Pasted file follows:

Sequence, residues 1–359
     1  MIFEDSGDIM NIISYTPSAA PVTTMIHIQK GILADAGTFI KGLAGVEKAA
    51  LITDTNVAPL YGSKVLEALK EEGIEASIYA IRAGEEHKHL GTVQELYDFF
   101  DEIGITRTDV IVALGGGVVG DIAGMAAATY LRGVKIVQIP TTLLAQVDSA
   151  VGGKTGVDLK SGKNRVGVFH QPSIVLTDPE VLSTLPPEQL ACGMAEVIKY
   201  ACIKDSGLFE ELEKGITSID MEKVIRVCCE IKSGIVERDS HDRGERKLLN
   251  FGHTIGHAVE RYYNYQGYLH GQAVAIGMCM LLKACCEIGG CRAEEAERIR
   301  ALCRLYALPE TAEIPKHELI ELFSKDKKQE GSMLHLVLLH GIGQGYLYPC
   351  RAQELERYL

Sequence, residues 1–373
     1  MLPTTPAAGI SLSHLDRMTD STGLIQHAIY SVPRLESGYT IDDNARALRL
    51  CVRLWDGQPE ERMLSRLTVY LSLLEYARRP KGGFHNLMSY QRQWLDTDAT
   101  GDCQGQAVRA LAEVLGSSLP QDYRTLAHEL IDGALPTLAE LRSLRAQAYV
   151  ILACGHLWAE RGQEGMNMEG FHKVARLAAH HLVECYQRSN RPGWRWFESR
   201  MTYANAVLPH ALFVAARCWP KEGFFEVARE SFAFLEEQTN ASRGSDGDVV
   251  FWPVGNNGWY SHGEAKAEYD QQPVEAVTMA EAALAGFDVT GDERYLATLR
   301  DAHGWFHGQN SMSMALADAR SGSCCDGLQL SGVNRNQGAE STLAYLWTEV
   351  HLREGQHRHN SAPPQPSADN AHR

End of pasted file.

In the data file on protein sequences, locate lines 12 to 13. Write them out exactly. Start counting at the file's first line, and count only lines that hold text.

    51  CVRLWDGQPE ERMLSRLTVY LSLLEYARRP KGGFHNLMSY QRQWLDTDAT
   101  GDCQGQAVRA LAEVLGSSLP QDYRTLAHEL IDGALPTLAE LRSLRAQAYV